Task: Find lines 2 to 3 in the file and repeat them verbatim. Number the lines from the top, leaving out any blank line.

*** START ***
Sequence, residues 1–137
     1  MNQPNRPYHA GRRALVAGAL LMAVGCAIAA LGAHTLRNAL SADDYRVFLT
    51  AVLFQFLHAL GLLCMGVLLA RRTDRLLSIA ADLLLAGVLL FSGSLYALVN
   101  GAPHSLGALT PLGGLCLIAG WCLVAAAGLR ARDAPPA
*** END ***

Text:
     1  MNQPNRPYHA GRRALVAGAL LMAVGCAIAA LGAHTLRNAL SADDYRVFLT
    51  AVLFQFLHAL GLLCMGVLLA RRTDRLLSIA ADLLLAGVLL FSGSLYALVN